Lance Corporal William Samuel Johnston (2722971) served in 1st Battalion Irish Guards during World War Two. He was the son of William John Johnston and Mary Jane "Jeanie" Johnston (née Pollock) of Ballymoney, Co. Antrim.
Lance Corporal Johnston’s father William John Johnston died in June 1916 when William was 1 year old. His mother was pregnant at the time with a daughter, Agnes Atkinson Johnston. She later married Henry James Crawford of Seymour Street, Ballymoney, Co. Antrim. The couple had another son also named Henry James Crawford who died while serving in the Royal Air Force in 1943.
Before the outbreak of war, William had been a keen footballer and was highly-rated in the Ballymoney area as a great goalkeeper. He was a musician who played in his local pipe band as well as taking a leading role as Staff Sergeant in the Boys’ Brigade.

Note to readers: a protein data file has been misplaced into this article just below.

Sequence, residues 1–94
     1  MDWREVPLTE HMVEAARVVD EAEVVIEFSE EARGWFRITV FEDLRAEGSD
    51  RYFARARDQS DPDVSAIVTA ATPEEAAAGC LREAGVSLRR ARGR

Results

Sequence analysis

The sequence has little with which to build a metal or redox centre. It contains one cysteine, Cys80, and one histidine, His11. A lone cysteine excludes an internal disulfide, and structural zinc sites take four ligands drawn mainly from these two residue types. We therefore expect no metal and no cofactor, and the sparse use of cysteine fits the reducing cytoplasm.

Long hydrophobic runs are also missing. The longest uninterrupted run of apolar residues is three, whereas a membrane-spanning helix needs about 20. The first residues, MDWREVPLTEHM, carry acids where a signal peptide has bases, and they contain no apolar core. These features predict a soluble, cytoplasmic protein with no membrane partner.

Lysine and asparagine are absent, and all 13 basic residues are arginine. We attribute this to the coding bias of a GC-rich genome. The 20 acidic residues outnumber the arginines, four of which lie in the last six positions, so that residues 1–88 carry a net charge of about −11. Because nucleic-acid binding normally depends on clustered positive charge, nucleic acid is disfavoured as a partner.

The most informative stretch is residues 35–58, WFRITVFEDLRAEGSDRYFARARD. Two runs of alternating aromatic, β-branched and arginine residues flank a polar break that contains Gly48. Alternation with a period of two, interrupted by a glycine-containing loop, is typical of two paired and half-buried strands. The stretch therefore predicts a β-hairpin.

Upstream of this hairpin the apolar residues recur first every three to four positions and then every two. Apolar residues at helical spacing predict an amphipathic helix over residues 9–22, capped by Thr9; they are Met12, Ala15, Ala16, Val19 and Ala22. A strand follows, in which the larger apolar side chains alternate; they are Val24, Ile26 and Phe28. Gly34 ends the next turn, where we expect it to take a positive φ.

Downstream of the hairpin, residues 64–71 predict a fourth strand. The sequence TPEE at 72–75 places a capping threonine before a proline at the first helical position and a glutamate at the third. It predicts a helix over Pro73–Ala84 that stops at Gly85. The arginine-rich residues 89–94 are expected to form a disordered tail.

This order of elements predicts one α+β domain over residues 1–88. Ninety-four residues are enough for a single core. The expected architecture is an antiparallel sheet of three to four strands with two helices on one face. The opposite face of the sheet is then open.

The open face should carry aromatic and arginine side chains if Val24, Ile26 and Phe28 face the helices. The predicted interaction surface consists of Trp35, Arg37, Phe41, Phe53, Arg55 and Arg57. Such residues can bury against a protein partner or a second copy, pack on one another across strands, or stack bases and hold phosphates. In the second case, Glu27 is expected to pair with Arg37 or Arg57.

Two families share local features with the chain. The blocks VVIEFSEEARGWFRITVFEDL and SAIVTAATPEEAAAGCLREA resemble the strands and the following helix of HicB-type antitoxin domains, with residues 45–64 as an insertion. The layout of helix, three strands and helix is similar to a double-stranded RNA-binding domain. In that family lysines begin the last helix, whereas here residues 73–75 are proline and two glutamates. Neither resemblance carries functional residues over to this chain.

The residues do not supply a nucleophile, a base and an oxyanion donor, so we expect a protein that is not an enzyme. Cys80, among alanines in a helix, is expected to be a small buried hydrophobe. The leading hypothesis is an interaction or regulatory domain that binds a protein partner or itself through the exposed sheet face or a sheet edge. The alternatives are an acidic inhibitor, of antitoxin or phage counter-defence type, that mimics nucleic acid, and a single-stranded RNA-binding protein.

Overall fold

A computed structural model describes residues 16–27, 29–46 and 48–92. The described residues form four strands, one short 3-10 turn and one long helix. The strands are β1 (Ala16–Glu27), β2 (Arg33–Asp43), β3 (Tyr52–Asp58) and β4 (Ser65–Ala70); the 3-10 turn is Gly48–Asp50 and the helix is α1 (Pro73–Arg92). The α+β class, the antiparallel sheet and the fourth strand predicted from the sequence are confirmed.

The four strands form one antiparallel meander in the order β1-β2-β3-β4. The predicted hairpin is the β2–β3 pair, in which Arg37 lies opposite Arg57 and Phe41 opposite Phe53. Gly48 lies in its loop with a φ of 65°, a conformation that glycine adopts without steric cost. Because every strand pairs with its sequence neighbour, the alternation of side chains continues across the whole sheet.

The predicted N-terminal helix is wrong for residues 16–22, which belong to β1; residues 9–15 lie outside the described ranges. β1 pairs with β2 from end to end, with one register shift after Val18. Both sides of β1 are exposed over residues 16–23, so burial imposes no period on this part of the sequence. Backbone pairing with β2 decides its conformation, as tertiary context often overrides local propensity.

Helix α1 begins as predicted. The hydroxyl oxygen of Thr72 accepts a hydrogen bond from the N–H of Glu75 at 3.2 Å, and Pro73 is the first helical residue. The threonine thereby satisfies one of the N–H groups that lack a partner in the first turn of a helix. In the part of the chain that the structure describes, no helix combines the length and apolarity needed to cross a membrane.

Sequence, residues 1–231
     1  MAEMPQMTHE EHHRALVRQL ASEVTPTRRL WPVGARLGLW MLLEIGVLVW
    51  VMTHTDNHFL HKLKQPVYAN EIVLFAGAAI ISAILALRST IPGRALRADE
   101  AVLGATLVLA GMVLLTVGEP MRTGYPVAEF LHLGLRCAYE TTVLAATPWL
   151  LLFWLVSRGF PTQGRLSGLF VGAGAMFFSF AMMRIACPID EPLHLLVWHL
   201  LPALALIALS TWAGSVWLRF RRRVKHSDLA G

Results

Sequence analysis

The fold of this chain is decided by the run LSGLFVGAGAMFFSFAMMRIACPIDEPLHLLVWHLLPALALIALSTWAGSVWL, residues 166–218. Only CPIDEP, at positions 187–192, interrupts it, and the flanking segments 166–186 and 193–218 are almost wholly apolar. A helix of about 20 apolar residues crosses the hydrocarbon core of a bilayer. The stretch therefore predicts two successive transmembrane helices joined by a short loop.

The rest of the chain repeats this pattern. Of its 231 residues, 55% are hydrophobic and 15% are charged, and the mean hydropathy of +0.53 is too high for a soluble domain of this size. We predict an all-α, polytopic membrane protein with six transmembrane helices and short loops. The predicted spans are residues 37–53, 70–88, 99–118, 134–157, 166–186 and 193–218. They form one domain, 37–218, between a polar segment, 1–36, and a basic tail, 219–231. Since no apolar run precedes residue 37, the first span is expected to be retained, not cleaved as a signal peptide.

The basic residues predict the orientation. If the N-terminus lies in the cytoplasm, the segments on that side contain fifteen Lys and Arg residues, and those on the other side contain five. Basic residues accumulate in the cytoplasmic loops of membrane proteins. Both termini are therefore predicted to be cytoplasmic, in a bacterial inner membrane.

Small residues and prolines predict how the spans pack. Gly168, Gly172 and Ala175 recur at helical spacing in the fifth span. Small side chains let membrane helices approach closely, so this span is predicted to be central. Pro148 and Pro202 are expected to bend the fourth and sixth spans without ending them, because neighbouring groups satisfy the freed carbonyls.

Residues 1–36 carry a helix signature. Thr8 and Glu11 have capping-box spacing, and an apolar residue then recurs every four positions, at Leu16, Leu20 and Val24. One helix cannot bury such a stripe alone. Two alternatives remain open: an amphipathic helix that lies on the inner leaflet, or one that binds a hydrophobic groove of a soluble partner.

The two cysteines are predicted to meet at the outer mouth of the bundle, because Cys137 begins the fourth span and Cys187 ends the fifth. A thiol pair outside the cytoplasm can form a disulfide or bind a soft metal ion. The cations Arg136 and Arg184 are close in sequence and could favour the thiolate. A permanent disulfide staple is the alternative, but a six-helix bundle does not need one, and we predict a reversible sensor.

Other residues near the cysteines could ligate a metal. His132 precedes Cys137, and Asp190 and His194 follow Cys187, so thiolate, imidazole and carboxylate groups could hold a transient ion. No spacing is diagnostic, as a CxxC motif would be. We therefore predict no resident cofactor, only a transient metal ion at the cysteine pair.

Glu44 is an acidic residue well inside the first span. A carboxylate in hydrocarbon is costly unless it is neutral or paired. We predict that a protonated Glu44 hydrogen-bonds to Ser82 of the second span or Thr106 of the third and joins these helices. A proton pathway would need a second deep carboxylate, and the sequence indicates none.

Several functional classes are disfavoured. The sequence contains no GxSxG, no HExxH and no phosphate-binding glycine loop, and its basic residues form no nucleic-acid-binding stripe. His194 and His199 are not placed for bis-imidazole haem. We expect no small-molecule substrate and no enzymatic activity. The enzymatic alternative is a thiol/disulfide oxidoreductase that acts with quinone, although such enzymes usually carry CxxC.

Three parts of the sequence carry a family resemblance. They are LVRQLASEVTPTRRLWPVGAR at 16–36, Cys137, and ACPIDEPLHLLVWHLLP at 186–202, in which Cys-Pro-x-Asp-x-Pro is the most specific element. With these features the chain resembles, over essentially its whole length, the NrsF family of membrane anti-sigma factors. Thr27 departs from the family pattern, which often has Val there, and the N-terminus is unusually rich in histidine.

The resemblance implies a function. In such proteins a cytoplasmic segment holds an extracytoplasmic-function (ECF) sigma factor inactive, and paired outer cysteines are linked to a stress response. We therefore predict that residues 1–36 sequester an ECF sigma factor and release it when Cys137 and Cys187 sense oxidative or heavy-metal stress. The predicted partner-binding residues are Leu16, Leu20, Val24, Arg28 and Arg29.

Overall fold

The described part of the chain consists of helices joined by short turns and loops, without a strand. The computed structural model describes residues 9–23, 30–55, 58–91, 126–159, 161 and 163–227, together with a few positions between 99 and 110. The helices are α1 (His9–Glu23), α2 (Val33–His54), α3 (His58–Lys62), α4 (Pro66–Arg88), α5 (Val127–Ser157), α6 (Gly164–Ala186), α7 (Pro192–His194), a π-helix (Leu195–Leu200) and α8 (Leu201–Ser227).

Lance Corporal Johnston died in fierce fighting on 30th January 1944 during the Battle of Anzio. He was 28 years old. Beginning on 22nd January 1944, Johnston took part in Operation Shingle, an amphibious landing as part of the Battle of Anzio. The aim was to establish a beachhead and aid the Allied advance on Rome.
Alan Whicker, working at Anzio for the BBC referred to the aftermath of the operation as one of the Allies “greatest blunders” of World War Two. They faced strong opposition with limited resources and lost many men.
William Samuel Johnston’s grave is in Section IV, Row J, Grave 8 of Anzio War Cemetery, Italy. His name also features on the Ballymoney War Memorial. Johnston’s headstone bears the inscription:
At the going down of the sun and in the morning, we will remember.